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Written by: David Greig and Gordon McIntyre
Directed by: Lyndee-Jane Rutherford
New Zealand Premiere
She’s a lawyer. He’s a petty crim. She’s totally out of his league; he’s not her type at all. They absolutely should not sleep together. Which is, of course, why they do.
With a bag filled with cash, Helena and Bob get up to one legendary weekend, in a wet and miserable midsummer in Edinburgh. From self-loathing hangovers and wedding bust-ups, to car chases and midnight trysts, MIDSUMMER promises a great night out. “You float out laughing as if you’ve just swallowed sunshine on a spoon” – Guardian UK *****
MIDSUMMER is a hilarious romantic comedy written by award-winning David Greig and top Edinburgh singer-songwriter Gordon McIntyre. It’s nothing like Shakespeare, or a Musical – though it does have a few songs for good measure.
Don’t miss this New Zealand premiere performed with comic mastery by Kate Prior (Nothing Trivial, Go Girls) and Byron Coll (Mr Marmalade, the All Blacks MasterCard ads). Award-winning director Lyndee-Jane Rutherford delivers us this unmissable treat for the senses.
“Midsummer is utter joyful pleasure” – The List
“Irresistible and unmissable.” – Herald
Starring Byron Coll and Kate Prior
21 September − 19 October
Tuesday to Saturday 7.30pm
$33 Friends of Circa (until 6 October)
$39 Groups 6+
$36 Groups 20+
$25 Under 25s
David Greig’s play lets you laugh your way into wisdom.
BY ELSPETH SANDYS, NEW ZEALAND LISTENER, 24 SEPTEMBER, 2013
Something quite wonderful has been going on in Scotland for the last few decades: the remaking of Glasgow as a European centre of culture; the rise of Scottish nationalism; a surge of creativity in the arts that has resonated, and continues to resonate, around the world.
Full marks, then, to Circa Theatre for tuning into this excitement, then hard wiring it into a standout production by Lyndee-Jane Rutherford ofMidsummer, a play with songs by celebrated Scottish playwright David Greig and his musical collaborator, Gordon McIntyre (songwriter for Edinburgh indie band Ballboy).
Greig, at forty-something, has a formidable list of plays and films to his name, covering a wide range of subjects, but united by a common concern to establish connections between people, particularly those from widely different socio-economic or cultural backgrounds.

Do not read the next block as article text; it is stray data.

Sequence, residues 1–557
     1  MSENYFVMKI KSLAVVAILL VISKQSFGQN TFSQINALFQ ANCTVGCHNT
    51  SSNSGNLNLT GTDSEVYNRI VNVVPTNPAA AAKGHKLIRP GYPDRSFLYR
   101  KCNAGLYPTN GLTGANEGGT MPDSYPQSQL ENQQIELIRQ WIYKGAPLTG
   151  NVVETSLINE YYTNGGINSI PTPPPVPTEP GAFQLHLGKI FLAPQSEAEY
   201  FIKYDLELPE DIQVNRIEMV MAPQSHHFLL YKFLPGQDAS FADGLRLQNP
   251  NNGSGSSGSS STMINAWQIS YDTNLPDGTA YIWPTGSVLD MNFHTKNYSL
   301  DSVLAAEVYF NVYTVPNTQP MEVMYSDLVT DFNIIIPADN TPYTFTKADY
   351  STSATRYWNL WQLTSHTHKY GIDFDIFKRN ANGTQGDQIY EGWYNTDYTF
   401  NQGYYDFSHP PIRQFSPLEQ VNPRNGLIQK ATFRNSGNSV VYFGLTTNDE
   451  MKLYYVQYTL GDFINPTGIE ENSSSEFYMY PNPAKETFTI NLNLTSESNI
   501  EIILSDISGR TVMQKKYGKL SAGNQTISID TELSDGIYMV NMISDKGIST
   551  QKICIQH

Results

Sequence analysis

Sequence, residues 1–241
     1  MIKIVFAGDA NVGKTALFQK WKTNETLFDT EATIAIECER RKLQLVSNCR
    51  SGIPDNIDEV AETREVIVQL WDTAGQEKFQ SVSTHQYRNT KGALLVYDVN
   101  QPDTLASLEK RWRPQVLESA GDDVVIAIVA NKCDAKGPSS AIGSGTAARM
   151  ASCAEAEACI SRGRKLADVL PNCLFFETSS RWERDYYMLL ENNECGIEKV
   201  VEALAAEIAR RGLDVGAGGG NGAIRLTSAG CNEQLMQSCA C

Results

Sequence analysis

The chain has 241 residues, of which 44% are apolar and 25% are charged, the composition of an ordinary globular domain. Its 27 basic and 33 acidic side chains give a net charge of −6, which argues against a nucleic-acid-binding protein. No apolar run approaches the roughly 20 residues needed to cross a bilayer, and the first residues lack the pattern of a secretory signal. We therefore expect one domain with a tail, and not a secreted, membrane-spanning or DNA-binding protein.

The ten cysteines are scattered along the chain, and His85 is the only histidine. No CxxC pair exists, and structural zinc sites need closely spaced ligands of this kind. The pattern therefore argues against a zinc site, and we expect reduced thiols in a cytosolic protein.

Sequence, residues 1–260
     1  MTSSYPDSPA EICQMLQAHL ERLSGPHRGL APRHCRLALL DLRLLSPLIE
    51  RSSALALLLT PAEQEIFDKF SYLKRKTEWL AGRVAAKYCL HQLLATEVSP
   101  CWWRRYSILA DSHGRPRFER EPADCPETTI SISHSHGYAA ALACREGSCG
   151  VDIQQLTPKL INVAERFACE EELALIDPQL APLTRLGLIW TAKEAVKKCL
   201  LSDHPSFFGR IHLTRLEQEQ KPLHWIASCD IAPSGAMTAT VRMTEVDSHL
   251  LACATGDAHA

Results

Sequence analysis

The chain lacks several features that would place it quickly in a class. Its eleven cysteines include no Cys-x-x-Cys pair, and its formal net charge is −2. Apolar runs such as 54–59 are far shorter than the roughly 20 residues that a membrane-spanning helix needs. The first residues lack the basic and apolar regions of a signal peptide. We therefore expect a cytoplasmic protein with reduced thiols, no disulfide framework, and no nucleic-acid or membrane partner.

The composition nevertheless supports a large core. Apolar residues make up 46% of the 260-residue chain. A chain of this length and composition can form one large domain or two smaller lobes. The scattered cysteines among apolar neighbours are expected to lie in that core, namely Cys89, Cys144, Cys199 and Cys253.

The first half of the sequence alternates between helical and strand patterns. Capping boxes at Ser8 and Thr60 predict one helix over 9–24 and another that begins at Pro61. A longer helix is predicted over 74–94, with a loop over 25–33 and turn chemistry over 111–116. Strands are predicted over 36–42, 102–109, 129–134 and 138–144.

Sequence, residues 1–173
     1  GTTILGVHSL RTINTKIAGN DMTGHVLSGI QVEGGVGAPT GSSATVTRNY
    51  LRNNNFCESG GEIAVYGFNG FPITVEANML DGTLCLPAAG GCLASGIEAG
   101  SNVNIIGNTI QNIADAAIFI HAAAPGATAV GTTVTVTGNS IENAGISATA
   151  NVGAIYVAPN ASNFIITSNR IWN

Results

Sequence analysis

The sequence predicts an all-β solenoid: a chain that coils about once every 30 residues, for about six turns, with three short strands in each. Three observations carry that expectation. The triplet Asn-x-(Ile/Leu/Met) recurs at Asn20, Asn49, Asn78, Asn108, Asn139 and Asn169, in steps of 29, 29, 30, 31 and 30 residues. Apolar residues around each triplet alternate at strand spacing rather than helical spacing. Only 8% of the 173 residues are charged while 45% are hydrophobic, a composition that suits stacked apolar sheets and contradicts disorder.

Midsummer is no exception. The two protagonists – Bob (a brilliantly understated Byron Coll) and Helena (Kate Prior in sizzling form) – come from diametrically opposed worlds. Helena is a hard-working, hard-partying, Edinburgh divorce lawyer; Bob is a petty criminal, “with no defining features”, who reads Dostoevsky to cheer himself up and dreams of a life of busking and reading poetry (his own) in pubs. Although both actors play a number of roles, necessary to the unfolding of this contemporary fairy story, it is as the two accidental lovers that they raise almost constant laughter and, keeping faith with the underlying seriousness of the piece, touch more than one sensitive nerve.
The music would be unremarkable were it not for the lyrics, which are in turn hilarious and poignant. The hangover song – “If my hangover were a country it would be Belgium” – almost brought the house down. As did Bob’s conversation with an unmentionable part of his anatomy.
But the true brilliance of this play is in the writing. Greig spins a complex web of thoughts, dialogue and third-person observation, jumping back and forth in time, replaying scenes from a different point of view, all the time keeping in focus the need to advance the action, while fleshing out the back stories of his lost, lonely and oh so lovable hero and heroine.
How do you live a meaningful life? How do you deal with the inevitability of aging and dying in this resolutely secular world? These are the questions Greig asks against a backdrop of Edinburgh’s centuries-old castle (set design by Ian Harman). If you want to know the answers, go to Circa, seeMidsummer and laugh your way into wisdom.
MIDSUMMER, by David Greig and Gordon McIntyre, directed by Lyndee-Jane Rutherford,Circa Two, Wellington, until October 19;Silo Theatre has a separate production of the play at Q Theatre, Auckland, October 24-November 23.
Contains mature content. Recommended for patrons aged 15 and above.
Running time: 90 minutes (no interval)
NO LATE ADMITTANCE